A Royal Goodwill Ambassador for the Rule of Law in Southeast Asia, Supporting or Aggravating?

It seems ironic that King Vajiralongkorn’s daughter, Princess Bajrakitiyabha, is to become a goodwill ambassador for the rule of law in Southeast Asia. The principle of the rule of law stands in direct contrast to governance by the arbitrary whims of monarchs or dictators. Southeast Asia certainly needs a champion who can articulate and advocate for adherence to abstract rules that apply equally to everybody. She certainly seems to have the right educational background: a  LL.B degree from Thammasat University, as well a B.A. degree in International Relations from Sukhothai Thammatirat University (2000) and a Doctor of the Science of Law (J.S.D.) degree from Cornell University (2005). The Reuters article assures us that Princess Bajrakitiyabha “doesn’t see herself as above the law.” It is imperative that she answer one further question: “Does she consider it right that HER FATHER is above the rule of law?” Or to put it another way, can she please comment on Thailand’s harsh lese majesty law, which has been repeatedly condemned by the UN?

The lese majesty law in Thailand (Article 112 of Thailand’s Penal Code) states that anyone who “defames, insults or threatens the king, the queen, the heir-apparent or the regent” will be punished with 3 to 15 years in prison. Even true statements are forbidden if they are unflattering to the king, queen or heir apparent. This law allows Thai Kings to literally get away with murder, or any other crime. The new King Vajiralongkorn is believed to have mafia connections and many of his close associates mysteriously die or disappear. His third ex-wife has not been seen in several years. Recently, a case brought again Vajiralongkorn’s close aid Jumpol Manmai lead to the discovery of what is apparently secret prison at the King’s palace! No one inside Thailand can speak out publically about any of the purges or punishments that take place out of sight, extrajudicially, or according to irregular procedures, following the whims of King Vajiralongkorn.

Another contradiction to the rule of law in Thailand is the junta’s Article 44 of the Interim Constitution, also known as the Dictator’s law, which allows the coup leader Prayut Chan-o-cha to take any action he feels in necessary. This law was recently used justify the used of overwhelming force against the giant Buddhist temple, Wat Prah Dhammakaya, 4,000 military, police, and investigation officers were employed for 3 weeks to try to find one man, the head abbobt in order charge him with a nonviolent crime.  King Vajiralongkorn seems to be supporting Prayut Chan-o-cha in his attack on the temple.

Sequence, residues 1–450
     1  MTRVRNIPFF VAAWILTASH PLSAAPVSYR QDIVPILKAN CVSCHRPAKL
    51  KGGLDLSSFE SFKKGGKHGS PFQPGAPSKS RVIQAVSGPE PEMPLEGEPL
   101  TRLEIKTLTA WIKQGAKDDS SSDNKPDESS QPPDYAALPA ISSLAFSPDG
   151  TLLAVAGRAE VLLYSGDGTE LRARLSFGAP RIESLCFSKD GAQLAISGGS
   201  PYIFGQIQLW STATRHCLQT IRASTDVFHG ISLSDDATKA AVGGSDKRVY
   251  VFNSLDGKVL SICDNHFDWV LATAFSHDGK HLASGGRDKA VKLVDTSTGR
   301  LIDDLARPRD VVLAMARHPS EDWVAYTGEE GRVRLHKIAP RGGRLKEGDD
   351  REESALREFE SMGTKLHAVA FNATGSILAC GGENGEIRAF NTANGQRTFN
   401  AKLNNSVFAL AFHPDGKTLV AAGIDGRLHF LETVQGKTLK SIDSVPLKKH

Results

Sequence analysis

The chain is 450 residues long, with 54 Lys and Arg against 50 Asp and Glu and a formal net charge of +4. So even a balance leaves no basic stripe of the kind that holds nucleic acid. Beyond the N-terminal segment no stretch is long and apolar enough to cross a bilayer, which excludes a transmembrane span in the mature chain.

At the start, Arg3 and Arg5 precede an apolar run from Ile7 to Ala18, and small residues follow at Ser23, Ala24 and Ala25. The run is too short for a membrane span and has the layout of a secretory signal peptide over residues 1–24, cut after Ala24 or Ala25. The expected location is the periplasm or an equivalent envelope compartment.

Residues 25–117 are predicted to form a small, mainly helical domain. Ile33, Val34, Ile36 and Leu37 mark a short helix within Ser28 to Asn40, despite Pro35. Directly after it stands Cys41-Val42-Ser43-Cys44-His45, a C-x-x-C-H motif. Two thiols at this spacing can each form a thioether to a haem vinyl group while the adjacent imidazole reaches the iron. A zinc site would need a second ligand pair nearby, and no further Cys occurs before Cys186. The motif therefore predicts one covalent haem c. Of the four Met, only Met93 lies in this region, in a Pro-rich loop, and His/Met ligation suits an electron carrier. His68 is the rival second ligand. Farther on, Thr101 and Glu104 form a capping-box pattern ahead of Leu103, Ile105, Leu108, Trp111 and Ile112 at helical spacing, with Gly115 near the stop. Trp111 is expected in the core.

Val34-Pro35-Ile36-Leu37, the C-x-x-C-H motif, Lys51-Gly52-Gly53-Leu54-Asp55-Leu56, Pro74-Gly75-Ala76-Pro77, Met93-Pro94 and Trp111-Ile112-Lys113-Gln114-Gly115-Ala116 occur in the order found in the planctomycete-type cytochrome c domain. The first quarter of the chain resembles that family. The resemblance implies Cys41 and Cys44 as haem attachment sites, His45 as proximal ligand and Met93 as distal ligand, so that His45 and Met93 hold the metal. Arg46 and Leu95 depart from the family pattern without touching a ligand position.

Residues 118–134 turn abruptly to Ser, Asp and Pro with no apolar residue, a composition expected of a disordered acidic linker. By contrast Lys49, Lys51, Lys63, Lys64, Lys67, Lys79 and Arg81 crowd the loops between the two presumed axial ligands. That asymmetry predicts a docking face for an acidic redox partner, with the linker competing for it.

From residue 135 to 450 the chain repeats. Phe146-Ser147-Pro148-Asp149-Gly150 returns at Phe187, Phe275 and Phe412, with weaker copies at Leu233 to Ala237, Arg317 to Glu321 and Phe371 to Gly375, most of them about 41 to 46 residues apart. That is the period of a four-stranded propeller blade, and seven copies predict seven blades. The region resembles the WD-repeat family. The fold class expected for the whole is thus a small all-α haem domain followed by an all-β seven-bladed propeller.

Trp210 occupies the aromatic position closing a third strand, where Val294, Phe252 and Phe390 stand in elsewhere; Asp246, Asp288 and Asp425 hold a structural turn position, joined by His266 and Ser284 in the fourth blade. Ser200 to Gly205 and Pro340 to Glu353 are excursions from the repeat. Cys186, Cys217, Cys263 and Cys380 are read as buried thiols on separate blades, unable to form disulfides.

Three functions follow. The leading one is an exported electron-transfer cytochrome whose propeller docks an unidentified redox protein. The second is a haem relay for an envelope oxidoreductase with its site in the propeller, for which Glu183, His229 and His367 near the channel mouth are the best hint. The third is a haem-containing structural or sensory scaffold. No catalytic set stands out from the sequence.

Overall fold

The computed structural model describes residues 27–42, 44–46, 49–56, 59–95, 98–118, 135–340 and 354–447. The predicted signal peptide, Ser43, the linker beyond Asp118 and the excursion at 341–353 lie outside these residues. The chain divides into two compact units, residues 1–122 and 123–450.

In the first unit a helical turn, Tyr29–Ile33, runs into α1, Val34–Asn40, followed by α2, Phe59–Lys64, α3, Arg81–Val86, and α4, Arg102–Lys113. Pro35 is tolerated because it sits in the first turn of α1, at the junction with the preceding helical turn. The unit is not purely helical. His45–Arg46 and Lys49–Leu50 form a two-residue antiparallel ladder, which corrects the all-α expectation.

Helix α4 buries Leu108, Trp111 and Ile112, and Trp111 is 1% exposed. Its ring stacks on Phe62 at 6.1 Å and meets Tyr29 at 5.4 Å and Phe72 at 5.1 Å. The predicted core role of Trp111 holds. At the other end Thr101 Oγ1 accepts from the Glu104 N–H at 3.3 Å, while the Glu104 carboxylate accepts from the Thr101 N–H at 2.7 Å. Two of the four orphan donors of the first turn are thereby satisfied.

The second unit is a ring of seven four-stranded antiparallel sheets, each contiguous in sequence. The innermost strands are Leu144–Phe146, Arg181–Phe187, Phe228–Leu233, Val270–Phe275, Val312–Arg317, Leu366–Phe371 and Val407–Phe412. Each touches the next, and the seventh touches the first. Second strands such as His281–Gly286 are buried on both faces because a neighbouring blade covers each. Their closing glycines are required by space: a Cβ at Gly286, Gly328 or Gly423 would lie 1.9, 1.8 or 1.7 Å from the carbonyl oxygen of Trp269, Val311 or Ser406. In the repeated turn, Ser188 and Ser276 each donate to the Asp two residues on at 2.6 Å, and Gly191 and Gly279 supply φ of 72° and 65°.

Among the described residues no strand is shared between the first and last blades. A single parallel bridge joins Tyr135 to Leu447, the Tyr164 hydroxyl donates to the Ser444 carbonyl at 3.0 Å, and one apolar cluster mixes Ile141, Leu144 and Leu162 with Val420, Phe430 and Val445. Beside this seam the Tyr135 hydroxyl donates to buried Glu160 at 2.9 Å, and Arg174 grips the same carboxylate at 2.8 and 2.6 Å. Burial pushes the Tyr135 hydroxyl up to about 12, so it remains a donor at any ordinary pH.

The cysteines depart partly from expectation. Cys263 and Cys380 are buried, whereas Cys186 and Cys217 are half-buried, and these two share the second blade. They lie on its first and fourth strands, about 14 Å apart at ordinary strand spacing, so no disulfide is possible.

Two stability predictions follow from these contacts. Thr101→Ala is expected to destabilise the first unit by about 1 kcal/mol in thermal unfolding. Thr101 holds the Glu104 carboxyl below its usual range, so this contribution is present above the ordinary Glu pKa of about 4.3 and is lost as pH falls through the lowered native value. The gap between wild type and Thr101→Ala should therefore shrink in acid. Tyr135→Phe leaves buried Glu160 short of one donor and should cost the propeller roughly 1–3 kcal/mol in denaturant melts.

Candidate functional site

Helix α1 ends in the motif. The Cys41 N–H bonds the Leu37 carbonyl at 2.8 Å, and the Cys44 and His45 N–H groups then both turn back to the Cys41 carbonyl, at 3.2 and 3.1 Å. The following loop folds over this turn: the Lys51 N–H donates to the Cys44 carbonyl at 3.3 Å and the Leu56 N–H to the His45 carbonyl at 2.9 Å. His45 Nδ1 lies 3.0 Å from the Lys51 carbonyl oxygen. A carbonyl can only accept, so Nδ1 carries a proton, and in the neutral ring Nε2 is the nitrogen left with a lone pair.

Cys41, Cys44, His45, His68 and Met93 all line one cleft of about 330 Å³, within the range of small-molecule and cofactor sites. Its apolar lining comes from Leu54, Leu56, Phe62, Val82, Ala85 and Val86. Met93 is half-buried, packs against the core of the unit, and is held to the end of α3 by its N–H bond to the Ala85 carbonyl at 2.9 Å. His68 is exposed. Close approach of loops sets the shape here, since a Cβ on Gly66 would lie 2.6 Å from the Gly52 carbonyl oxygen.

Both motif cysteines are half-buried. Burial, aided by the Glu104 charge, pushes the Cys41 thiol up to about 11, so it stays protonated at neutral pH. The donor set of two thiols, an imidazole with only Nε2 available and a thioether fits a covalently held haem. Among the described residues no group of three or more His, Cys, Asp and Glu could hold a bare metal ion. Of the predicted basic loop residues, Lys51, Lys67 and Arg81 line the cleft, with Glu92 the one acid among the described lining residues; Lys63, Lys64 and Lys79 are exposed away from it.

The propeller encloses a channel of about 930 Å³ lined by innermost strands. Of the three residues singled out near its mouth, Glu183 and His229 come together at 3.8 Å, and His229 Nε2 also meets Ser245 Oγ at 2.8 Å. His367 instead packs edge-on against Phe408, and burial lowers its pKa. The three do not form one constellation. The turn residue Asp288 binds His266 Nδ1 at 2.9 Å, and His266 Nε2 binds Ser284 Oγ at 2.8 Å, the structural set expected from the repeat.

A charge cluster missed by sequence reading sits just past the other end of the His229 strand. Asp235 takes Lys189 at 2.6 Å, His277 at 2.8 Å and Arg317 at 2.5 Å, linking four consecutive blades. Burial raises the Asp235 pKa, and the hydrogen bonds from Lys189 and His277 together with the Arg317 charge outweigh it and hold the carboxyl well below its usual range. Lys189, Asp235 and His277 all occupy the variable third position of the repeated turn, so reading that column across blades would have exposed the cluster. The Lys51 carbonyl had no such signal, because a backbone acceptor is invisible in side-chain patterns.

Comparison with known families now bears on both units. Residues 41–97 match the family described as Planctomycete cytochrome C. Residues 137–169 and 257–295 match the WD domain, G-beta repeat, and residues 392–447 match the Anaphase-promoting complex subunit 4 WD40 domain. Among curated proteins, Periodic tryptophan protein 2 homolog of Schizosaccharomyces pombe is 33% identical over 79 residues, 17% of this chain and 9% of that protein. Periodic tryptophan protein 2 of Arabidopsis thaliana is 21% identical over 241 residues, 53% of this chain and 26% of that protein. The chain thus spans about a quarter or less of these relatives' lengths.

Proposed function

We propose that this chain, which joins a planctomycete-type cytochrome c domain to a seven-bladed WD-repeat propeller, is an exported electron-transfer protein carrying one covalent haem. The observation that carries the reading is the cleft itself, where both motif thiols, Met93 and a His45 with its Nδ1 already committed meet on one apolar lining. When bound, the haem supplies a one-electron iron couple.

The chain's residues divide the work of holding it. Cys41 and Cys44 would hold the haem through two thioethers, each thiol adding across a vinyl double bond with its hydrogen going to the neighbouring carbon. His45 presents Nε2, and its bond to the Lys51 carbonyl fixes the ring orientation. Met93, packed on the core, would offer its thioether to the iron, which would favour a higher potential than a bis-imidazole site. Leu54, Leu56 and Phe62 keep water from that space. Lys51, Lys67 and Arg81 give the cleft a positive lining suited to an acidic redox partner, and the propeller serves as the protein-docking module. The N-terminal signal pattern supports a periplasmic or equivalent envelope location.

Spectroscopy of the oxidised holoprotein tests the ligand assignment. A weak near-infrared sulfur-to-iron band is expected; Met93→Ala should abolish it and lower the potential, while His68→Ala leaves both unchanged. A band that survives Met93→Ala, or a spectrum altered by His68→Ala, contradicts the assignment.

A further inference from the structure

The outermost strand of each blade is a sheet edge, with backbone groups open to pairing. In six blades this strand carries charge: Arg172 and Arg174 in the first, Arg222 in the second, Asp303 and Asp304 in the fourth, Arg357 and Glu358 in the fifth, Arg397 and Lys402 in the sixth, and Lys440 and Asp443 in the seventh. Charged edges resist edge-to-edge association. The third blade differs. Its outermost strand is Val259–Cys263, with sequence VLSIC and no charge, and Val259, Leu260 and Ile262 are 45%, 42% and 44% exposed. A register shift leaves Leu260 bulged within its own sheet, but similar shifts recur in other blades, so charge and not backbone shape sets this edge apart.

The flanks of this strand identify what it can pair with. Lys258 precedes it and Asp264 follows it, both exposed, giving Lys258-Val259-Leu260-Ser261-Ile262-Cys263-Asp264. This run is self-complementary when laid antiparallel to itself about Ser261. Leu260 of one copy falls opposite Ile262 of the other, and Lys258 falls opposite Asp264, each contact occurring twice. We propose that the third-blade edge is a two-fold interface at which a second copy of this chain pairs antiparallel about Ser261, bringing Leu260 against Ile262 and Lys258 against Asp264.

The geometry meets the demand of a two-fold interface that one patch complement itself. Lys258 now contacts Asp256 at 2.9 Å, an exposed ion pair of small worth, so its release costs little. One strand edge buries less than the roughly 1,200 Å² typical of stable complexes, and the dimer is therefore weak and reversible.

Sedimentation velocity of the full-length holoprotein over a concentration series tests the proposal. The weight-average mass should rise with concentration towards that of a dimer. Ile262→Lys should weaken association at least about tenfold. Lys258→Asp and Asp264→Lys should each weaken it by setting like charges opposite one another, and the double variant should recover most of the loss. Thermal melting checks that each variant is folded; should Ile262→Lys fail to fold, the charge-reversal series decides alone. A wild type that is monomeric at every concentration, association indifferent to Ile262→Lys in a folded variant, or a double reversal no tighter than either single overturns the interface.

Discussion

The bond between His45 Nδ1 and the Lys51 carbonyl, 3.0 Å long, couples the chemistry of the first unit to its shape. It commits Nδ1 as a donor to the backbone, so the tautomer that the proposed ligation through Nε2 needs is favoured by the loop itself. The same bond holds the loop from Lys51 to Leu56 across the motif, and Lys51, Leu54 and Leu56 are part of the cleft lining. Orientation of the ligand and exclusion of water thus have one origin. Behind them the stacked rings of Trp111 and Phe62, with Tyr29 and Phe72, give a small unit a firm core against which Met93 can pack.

I cannot guess Princess Bajrakitiyabha’s opinion’s on these matters. And I do not mean to imply guilt by association, with her father. I don’t even know if she is on good terms with her father. Indeed, one of Vajiralongkorn’s sons already works for the UN. The Thai Alliance for Human Rights welcomes all such allies in working for human rights and international understanding. However, if Princess Bajrakitiyabha for any reason (personal conviction, personal loyalty, family ties, or fear) can’t speak out on this huge problem undermining rule of law in Thailand, she should recuse herself from this position and the UN should find someone more suited to the job.

Conversely, if she is truly wants to promote the rule of law in Southeast Asia, and if she agrees with the UN that the persecution of hundreds by the lese majesty may amount to crimes against humanity, she is in a unique position to speak out on behalf of all those silenced by this law. These are not minor concerns. Article 112 and Article 44 are at the heart of every Thai human rights issue that Thai Alliance for Human Rights has written to the UN about.

How well does Princess Bajrakitiyabha understand her duty? How well does she understand the situation of her country or what have Thais been facing? In what ways does she address the judicial crisis in her country? As she is working for women prisoners, did she ever do anything to try to help female political prisoners Da Torpedo or Pornthip Monkong (now released), or Patnaree Chankij (case pending), or Sirikan Charoensiri (human rights lawyer charged with sedition for defending her clients). If she is concerned about horrible prison conditions why doesn’t she help Somyot Pruesakasamsuk who had complained about crowded conditions and harassment of prisoners? When Thailand uses applies laws to some group of people unfairly, or uses double standards in the application of laws to different group of people (as seems to be the case with the Wat Pra Dhammakaya drama), has she ever spoken out?

Has she petitioned her father on behalf of Pai Daodin whose only “crime” is to share an unflattering BBC news article about her father on Facebook. Pai is only 25 years old and faces 3 to 15 years for this ridiculous “crime.” It seems inexplicable that Pai has not been released given his obvious innocence and the widespread national and international outrage, including at the UN. It is rumored that the reason it is the King himself who has ORDERED this persecution of Pai Daodin.

If Princess Bajrakitiyabha cannot side with Pai Daodin in this one clear-cut case, she should be let go as a UN goodwill ambassador. If she can plead with her father on Pai Daodin’s behalf we will be eternally grateful.

Thank you,

Ann Norman and the Committee for the Thai Alliance for Human Rights.

Leave a Reply

Your email address will not be published. Required fields are marked *